PARIS — Exhibitor participation in the forthcoming editions of Texworld Evolution Paris and the concurrent Apparel Sourcing Paris is “almost back to normal,” according to Julien Schmoll, marketing director at show organizers Messe Frankfurt France.
The lifting of China’s travel ban has seen a return of the country’s exhibitors, with around 430 companies traveling from China to both Texworld and Apparel Sourcing, the finished product fair. “They’re the largest part of our exhibitors, more than half,” said Schmoll, noting that “around 60 percent of the fashion industry’s production is made in China so it’s representative of the sourcing market.”
Texworld Paris, which groups knits, embroidery, jacquard, cotton and more will welcome around 450 exhibitors from 14 countries. Absent due to the COVID-19 crisis, the return of more than 50 embroiderers and weavers from India — with a particularly qualitative offer — matches pre-pandemic levels, organizers said. Among this season’s standouts, Schmoll named embroiderers such as Maasana, Nastex and Nonica Textile for their handmade, inventive designs.
Though participation is almost back to normal, the energy crisis, soaring transit prices and the economic outlook are expected to impact 2023 sourcing. “Surges in energy prices will mean that a lot of companies producing accessible fashion will have to depend more and more on China and on regional countries also,” Schmoll said.
The season will welcome a strong contingent of 122 Turkish exhibitors, who had benefited from the smaller presence of exhibitors traveling from China for previous shows. Citing Institut Français de la Mode figures, Texworld said countries such as Bangladesh, India and Turkey enjoyed significant volume increases in EU clothing imports between 2021 and 2022.
At Apparel Sourcing Paris, the platform for sourcing finished apparel and fashion accessories in Europe, the return of almost 200 exhibitors from China will make up the majority of the 270 exhibitors, alongside other major sourcing countries: India, Pakistan, Bangladesh, Hong Kong, Turkey, Taiwan, Sri Lanka and Mongolia.
New this season will be a pavilion of five companies from Ghana. “Africa is trying to exist as an alternative on the production market between low-salary countries in Asia and higher-end producing closer to Europe countries; they’re an in-between,” Scholl said. The show’s agora conference space will also give Ghana the floor to present itself as an apparel producing destination, supported by the International Trade Center (ITC) and the German co-operation association GIZ (Gesellschaft für Internationale Zusammenarbeit).
Ahead of Texworld’s location switch, which will see the show move to the Porte de Versailles exhibition halls for its July edition, this round, still at Paris-le-Bourget exhibition center, will implement a new guiding system, aiming to smooth the transition.
To help navigate the shows, a red pathway is designed to give buyers and designers an easy pace-through the alleys with a quick overview of what’s new, the main points of attraction, the trend forums, the national pavilions, and the conference agora, which will host talks on everything from secondhand being tomorrow’s fashion raw material to how to take environmental action without impacting competitiveness.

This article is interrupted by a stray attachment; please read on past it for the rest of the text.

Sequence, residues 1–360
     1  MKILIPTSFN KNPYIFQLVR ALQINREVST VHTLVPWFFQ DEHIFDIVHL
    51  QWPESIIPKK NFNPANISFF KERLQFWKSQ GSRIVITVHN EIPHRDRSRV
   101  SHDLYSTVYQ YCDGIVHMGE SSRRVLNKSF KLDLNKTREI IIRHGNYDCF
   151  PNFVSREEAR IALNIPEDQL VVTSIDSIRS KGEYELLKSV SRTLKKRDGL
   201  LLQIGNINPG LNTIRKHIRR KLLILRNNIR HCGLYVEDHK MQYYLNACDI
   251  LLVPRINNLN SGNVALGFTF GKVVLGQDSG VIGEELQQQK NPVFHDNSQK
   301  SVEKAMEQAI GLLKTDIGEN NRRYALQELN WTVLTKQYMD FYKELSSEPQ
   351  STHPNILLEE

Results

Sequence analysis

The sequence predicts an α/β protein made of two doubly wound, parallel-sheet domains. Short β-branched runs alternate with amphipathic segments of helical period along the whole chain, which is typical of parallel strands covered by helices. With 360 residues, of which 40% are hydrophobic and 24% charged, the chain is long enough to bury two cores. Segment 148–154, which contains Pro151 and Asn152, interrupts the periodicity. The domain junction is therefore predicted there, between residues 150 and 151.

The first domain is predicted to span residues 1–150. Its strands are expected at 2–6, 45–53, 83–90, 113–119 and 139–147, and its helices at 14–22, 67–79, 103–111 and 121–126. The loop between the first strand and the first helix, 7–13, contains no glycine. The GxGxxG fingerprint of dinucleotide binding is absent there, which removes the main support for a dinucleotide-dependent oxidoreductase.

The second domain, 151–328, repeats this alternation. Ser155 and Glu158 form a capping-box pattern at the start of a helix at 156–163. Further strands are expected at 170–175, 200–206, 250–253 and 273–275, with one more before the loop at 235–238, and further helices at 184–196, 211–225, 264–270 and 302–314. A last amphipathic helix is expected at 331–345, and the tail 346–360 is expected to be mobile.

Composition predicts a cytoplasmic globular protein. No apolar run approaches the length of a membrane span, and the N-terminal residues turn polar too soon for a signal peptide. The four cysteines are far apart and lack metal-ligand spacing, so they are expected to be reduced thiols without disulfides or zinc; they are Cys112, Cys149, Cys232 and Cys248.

A single logo will now make it easier to identify those companies that Texworld has rated as taking steps toward environmental and social responsibility across a range of measures on fabrics, process or conditions for workers. The number of exhibitors participating in Texworld’s sustainable itinerary, which groups suppliers with at least one valid certificate on the dates of the shows from recognized certifiers, like GOTS and Okeo-tex, has increased this season, especially in Apparel Sourcing. That number has risen to 110 companies this edition, compared to 75 at the pre-pandemic February 2020 show, of which 35 will be in Apparel Sourcing, up from seven at the last show.
“They see that more and more European companies and buyers are really focused on sustainability now, so of course they produce what the market asks. It’s complicated between the greenwashing, the green-bashing,” added Schmoll, noting companies are making efforts to meet European standards.
With environmental labeling standards set to get much more stringent, under French and then European law, Schmoll said this season will see how producers are adapting to comply to deliver the information to the public. “Exhibitors adapt when it’s time, they rarely do it in advance. They get the feeling they have to evolve in those matters, they get on the train once it’s left the station. Once it will be enacted, they will follow.
“China is way ahead in terms of investment than European countries,” he said in terms of environmental proactivity. “Increasingly companies in China, more factories have invested in technology in their production units addressing environmental issues.” He pointed to the country’s pioneering of cargo ships with sail systems to help reduce fuel consumption for long-distance travel as one example.
To rise to the environmental challenges amid economic instability, Schmoll noted that businesses need to adapt. “Like always it’s survival of the fittest and those who adapt to rules and regulations to meet consumer needs will prevail over the ones who are stuck in the past.”
In a notable strategy change this season, Avantex Paris and Leatherworld Paris have reduced to a once-yearly schedule, next returning in July.
Texworld runs at Paris-Le-Bourget exhibition center from Feb. 6 to 8.